“When Gorvy landed in Hong Kong 16 hours later, he discovered text messages from three clients asking if the painting was available. One immediately made an offer for the 1982 canvas showing Robinson as a squat, scowling figure. The deal was completed two days later for about $24 million — more than triple the $7.3 million the work fetched at auction in 2007… In this marketplace everyone is looking for an edge,” Gorvy, who resigned from Christie’s this month, said in a telephone interview. “It just shows you the power of social media and the transformation of how people are buying.” Want to Sell a $24 Million Painting Fast?, Katya Kazinka, Bloomberg, December 21, 2016.
In every belief system control is the main focus for the elites who run it – control of politics, control of economics, control of societies. Basquiat certainly didn’t believe in those systems. Just take a moment to really look at his art. But the allure of money and success calls to us all. The life lesson quickly learned is that once in it’s almost always impossible to find a way to out. Money and fame compromise even the strongest rebel. We know that Jean never really was comfortable with his renown. He was a star right out of the box, making art and money, partying, hanging with Warhol, it looked glamorous. To the suspicious elites JMB was capricious, unpredictable and didn’t follow rules – not the artists’ rules, not the gallerists’ rules and certainly not the collectors’ rules. He was disloyal. He was wild. He made too much work for the market. There was gossip about his mental health. There was nastiness about his intentions. There was blatant racism. There were drugs. He paid for his success and individuality in ways a lot of successful artists didn’t. In Rene’s essay one of the most devastating pronouncements about the new Modernist system is this, “We are no longer collecting art we are buying individuals.” And when you put it this way you might see why JMB might have a problem with this system of control.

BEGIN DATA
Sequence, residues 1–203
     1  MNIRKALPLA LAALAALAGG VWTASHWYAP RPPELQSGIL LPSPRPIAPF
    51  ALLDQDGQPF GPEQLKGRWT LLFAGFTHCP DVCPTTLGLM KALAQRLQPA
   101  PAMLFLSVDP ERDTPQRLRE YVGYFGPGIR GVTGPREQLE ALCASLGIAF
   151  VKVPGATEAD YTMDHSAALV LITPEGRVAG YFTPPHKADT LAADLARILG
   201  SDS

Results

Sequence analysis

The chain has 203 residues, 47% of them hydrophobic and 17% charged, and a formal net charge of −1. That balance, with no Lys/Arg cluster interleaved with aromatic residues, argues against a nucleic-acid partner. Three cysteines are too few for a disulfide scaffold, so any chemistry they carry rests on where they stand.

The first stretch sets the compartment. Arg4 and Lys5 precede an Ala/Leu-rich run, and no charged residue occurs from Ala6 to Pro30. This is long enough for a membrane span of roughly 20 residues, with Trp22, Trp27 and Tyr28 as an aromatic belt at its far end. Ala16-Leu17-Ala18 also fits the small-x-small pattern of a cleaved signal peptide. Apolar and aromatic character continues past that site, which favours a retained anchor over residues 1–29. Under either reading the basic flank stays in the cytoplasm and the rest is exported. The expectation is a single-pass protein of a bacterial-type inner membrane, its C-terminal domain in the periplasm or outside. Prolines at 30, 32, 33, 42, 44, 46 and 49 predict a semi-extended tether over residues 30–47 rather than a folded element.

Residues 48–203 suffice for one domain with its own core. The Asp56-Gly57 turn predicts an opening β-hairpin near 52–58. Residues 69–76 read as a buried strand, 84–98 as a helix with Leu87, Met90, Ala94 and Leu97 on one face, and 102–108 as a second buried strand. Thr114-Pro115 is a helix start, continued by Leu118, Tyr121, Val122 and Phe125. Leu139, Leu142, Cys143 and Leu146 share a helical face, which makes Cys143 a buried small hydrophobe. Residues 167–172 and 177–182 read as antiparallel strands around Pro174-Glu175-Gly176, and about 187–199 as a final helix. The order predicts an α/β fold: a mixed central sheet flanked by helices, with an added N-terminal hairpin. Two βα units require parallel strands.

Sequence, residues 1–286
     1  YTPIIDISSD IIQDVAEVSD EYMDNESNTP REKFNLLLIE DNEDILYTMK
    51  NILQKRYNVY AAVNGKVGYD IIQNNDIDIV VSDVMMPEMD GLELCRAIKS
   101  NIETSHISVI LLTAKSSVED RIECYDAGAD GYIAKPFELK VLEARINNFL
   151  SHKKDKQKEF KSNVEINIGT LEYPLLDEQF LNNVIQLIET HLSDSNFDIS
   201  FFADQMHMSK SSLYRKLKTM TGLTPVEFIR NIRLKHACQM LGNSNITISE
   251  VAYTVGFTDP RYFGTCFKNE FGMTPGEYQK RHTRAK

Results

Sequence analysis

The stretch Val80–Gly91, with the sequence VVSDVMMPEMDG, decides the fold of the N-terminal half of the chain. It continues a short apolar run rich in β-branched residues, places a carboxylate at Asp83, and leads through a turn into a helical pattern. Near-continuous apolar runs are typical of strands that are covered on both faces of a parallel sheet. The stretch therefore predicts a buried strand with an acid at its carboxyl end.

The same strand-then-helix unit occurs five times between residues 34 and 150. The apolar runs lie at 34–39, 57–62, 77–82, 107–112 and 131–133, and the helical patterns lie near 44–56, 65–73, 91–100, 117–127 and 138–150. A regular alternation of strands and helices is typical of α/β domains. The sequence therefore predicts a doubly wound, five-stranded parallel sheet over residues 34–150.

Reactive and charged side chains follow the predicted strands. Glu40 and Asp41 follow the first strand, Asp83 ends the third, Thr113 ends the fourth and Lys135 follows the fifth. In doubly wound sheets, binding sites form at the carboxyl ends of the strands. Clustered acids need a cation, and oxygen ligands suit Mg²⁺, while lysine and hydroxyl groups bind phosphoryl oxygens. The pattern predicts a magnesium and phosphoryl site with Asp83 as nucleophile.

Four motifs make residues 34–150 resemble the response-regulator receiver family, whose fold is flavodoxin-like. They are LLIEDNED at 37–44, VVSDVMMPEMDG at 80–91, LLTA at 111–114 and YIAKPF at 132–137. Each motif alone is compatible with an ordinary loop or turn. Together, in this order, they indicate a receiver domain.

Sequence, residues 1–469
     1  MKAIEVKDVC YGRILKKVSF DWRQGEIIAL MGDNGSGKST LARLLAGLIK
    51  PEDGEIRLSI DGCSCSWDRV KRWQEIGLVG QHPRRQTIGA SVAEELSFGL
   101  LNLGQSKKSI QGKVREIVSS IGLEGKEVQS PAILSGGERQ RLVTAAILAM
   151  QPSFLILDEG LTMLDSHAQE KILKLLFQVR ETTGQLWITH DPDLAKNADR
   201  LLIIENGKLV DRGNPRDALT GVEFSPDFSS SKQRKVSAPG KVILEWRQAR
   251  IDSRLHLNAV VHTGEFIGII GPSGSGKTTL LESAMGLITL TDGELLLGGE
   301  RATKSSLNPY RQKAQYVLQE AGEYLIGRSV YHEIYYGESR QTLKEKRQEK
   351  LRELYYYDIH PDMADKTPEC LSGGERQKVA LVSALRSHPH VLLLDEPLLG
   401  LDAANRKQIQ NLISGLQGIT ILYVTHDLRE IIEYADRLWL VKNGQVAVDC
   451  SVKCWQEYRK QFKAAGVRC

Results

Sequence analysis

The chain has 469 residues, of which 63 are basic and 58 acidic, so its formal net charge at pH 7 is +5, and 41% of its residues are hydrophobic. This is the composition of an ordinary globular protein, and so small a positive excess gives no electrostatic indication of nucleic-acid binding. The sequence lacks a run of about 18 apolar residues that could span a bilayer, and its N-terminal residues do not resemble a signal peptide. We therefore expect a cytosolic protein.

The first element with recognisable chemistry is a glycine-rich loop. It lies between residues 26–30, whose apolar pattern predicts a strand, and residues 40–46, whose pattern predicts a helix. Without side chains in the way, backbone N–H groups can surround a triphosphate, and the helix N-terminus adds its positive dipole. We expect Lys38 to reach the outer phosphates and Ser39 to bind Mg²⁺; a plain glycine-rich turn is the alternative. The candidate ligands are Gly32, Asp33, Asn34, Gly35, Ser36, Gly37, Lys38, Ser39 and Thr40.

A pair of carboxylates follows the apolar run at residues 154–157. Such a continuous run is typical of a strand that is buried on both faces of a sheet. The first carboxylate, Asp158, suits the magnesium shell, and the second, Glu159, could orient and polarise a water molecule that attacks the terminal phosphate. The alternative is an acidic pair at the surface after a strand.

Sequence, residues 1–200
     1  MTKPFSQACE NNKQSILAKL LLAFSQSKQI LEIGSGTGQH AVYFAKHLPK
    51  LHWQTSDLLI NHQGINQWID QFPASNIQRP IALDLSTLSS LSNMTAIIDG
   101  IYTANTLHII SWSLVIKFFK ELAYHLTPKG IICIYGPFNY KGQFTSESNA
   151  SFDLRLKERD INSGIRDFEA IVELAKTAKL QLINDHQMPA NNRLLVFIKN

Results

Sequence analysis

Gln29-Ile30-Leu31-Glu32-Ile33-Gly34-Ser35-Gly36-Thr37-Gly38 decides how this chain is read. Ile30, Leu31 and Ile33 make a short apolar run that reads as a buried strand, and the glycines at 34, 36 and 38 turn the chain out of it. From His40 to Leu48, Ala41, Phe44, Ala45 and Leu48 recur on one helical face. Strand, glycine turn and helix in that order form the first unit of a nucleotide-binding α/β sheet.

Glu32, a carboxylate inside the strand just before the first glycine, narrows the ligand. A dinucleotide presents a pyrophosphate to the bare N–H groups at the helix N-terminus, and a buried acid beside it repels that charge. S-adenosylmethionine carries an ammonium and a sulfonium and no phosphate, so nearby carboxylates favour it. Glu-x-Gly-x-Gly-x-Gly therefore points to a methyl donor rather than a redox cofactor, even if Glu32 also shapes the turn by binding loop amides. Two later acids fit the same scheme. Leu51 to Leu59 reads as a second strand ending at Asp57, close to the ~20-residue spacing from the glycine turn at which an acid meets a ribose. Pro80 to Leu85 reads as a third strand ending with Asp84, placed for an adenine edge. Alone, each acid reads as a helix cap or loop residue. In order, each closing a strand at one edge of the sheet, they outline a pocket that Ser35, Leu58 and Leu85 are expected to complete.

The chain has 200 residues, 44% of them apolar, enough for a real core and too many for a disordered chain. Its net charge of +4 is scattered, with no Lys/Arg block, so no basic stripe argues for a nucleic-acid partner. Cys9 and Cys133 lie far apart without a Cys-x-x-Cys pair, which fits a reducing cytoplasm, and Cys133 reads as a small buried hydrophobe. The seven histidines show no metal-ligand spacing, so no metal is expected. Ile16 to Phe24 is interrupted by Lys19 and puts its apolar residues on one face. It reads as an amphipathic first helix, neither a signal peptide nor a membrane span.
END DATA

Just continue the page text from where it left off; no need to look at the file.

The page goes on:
Not long after Jean’s early demise the controlling elites rewrote his biography and reframed his achievements. Collectors, foundations, auction houses, and the secondary market needed a more sympathetic character to make the work more desirable and therefore more salable among the collecting classes. JMB went from drug addicted charlatan to misunderstood genius, a new era Van Gogh with every knock of the auction hammer. It also helped that Jean was a close friend and collaborator with Andy Warhol – already a market darling and deeply collected by the same people who also collected Basquiat. Every systemic connection was used, every marketing ploy employed. This publicity tour was designed to institutionalize and monetize the work already owned and legitimize the cache of work yet to be sold. It is how the Modernist system profits from nearly anything it apporpriates. It’s how reputations become anodized and art works are legitimized enough to be bought and sold for millions of dollars from jpegs and text messages.